Coal, land, workers and education: 2020 budget session wrapped

The 65th Wyoming Legislature adjourned for the year late Thursday night following a 24-day frenzy of lawmaking that stands to have significant impact on energy production, workers protections, the utility system, education funding and the potential purchase of millions of acres of land and mineral rights. 

Much of the 2020 session was spent crafting the state’s two-year budget, which the Legislature submitted to the governor on Tuesday. The perennial bill to fund state construction projects died after House and Senate leaders were unable to compromise, denying new building and an economic boost to communities around the state. 

In a press conference on Friday afternoon, Gov. Mark Gordon said he was frustrated by the failure to fund even a limited list of critical projects he highlighted to lawmakers during the debate. “I worry a little bit that egos got in the way of being thoughtful about the projects that were really necessary going forward,” he said. 

The Legislature responded with a number of new laws to a spate of 2019 energy sector bankruptcies that hit workers and local and state governments in Wyoming coal country. The bills included a measure to strengthen counties’ standing in bankruptcy fights and another to get the Wyoming Attorney General’s office more involved in those disputes on counties’ behalf. For workers, lawmakers passed a measure giving the Wyoming Department of Workforce Services authorization to investigate unpaid wage claims and pursue lost wages with legal action. The law also protects workers from retaliation for filing claims.

After years of failed attempts, the Legislature also passed a bill requiring energy companies to begin paying ad valorem mineral taxes to county governments monthly. Eighteen-month backlogs between mineral extractions and paid taxes have allowed energy companies — most prominently coal companies in 2019 — to enter bankruptcy with unpaid tax debts in the tens of millions.

Those bankruptcies finally spurred the Legislature to act, but the bill still met headwinds. The legislation was heavily amended and faced opposition in the Senate. Senate Revenue Committee Chairman Cale Case (R-Lander) eased the measure’s passage with an amendment that adjusted a payment schedule and alleviated mineral companies’ fears of a sudden increase in tax payments.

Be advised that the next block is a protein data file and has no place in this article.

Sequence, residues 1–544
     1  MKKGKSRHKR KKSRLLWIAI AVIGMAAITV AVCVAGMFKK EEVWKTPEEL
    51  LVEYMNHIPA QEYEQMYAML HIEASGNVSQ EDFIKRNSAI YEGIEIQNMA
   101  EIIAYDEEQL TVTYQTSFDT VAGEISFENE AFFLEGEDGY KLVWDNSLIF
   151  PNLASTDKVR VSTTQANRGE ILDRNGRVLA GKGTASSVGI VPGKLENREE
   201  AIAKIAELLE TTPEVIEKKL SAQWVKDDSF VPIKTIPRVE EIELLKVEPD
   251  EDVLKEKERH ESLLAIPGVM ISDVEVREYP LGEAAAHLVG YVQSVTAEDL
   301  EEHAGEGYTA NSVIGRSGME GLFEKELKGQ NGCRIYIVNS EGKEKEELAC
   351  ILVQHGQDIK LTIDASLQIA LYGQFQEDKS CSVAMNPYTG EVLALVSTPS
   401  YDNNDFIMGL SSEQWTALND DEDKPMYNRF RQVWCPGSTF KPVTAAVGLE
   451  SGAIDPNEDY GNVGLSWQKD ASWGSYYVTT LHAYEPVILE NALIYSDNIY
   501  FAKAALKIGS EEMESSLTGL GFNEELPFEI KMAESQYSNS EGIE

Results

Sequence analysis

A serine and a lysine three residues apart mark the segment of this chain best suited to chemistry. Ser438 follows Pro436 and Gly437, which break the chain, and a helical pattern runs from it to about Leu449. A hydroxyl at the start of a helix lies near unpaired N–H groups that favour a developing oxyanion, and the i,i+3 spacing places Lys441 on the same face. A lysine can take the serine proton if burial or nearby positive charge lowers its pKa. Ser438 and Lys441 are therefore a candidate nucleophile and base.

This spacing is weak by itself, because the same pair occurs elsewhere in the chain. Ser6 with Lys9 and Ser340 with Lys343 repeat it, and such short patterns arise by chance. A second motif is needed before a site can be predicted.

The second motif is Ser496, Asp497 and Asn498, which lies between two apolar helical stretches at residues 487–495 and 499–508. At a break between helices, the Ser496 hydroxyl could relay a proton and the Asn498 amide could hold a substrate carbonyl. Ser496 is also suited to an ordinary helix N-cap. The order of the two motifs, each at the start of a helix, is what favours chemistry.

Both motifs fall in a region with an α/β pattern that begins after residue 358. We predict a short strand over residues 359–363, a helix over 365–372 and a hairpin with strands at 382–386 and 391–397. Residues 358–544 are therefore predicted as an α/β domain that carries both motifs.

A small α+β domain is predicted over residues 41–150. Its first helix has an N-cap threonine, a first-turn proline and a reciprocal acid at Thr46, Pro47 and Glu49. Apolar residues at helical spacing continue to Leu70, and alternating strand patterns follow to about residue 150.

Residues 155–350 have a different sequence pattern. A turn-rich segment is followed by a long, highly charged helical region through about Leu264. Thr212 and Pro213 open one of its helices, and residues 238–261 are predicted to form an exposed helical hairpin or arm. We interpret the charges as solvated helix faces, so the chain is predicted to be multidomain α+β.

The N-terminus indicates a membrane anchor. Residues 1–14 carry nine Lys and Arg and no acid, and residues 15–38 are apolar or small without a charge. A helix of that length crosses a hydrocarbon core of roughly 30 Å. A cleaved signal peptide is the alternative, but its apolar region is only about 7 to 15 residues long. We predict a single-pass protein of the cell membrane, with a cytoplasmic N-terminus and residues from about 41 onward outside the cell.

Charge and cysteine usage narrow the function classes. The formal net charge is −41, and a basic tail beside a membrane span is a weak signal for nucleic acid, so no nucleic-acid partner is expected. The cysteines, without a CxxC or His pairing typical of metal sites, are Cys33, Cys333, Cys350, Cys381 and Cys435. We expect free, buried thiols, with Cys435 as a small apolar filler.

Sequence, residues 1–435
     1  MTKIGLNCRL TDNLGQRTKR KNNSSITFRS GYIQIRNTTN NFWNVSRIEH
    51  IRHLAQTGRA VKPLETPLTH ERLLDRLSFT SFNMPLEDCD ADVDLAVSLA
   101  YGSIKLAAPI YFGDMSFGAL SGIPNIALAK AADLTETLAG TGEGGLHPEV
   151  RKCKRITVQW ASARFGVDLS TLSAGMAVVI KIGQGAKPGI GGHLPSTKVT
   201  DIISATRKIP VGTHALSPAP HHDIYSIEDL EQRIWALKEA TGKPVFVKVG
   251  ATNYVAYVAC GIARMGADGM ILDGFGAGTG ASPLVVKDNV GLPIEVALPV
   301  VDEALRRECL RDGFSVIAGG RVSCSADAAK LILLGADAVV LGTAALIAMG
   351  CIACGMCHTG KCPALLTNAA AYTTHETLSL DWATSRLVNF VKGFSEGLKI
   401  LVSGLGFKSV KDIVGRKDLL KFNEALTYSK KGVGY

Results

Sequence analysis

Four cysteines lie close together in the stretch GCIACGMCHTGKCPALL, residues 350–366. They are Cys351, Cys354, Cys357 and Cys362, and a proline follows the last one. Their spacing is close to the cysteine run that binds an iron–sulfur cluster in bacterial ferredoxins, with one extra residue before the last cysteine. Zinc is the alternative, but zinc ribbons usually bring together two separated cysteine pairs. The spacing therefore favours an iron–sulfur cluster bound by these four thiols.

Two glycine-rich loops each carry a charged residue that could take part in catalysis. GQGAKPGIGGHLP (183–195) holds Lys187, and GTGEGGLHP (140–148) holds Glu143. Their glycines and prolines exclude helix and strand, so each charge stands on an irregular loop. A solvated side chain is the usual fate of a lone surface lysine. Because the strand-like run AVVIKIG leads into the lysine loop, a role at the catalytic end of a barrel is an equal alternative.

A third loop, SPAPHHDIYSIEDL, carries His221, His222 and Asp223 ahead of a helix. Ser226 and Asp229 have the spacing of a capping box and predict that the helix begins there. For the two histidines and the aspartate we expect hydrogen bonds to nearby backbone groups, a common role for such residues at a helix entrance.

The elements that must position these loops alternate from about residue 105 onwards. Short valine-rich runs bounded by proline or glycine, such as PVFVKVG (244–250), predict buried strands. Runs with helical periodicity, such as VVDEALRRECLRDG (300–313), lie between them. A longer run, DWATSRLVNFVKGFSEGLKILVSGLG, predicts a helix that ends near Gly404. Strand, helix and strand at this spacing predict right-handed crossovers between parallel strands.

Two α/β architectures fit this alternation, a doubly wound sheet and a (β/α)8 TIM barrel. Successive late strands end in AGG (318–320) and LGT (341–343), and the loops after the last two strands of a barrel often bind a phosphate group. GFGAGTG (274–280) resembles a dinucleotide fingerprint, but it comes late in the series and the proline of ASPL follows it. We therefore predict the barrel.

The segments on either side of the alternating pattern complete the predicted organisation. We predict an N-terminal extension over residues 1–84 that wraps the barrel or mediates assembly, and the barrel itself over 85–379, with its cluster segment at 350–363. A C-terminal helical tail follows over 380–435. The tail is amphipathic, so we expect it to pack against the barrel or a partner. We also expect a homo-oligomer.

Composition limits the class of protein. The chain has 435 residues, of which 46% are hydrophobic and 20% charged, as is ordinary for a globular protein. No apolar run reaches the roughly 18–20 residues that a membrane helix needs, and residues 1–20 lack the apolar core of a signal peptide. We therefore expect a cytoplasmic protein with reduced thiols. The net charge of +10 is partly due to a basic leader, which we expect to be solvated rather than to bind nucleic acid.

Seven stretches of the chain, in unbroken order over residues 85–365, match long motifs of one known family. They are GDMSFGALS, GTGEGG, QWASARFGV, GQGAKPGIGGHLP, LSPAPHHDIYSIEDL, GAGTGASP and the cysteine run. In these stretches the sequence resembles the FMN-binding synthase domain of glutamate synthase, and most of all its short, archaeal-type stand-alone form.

The Legislature made Wyoming “the first state in our nation to require carbon sequestration,” Gordon said during his closing remarks to lawmakers. “This is an important step.” 

He was referring to the successful passage of his initiative to impose a low-carbon mandate on electrical utilities operating in the state with the goal of forcing the companies to install carbon capture technologies on Wyoming coal plants. 

The Wyoming Public Service Commission will now begin a rule-making process to implement the new law. Even with amendments made to the bill, opponents remain convinced it will increase costs for Wyoming residential and business electricity consumers. The bill allows utilities to recuperate investments in the expensive carbon capture technologies by hiking rates.

The carbon capture bill was just one of a slew of coal and energy industry friendly measures implemented by the Legislature this year. Tax breaks for oil, gas, uranium and coal exported through Mexico and Canada all passed the Legislature and await Gordon’s signature. The budget also contained millions of dollars for new coal research. 

In the education realm, lawmakers passed a bill creating a legislative committee to review public schooling’s costs and qualities. The House rejected a Senate measure to create a committee loaded with representatives from Wyoming’s business community for an outside look and a plan for “modernizing” the state’s education system. 

Advocates for public education funding called the committee a Trojan Horse aimed at reducing costs and pushing business priorities into public schools. Committee proponents argued it could help the state’s schools better prepare students for the modern economy and questioned opponents’ resistance to outside examination of one of the biggest uses of government dollars.

The two bodies compromised, for now, by calling for professional consultants to study how the state’s schooling aligns with national best practices. The heated debate over education funding is likely to continue into the interim period. 

Gordon will continue to explore buying 1 million surface and 4 million mineral acres from the struggling energy giant Occidental Petroleum. Chamber leaders found common ground in their desires to see the proposal advance and compromised on differing visions for how that will unfold. A chief point of disagreement was whether to use the Legislature’s rainy day fund — an account that today is slowly being drained as revenues from the energy industry disappear. 

The House and Senate agreed to allow $150 million to be withdrawn from the fund. Original legislation suggested by the governor’s office would have allowed a considerably larger sum to come from the account. The bill also allows the executive branch to explore bonding for a portion of the purchase. 

Gordon will have to seek further legislative approval before finalizing any potential deal with Occidental.

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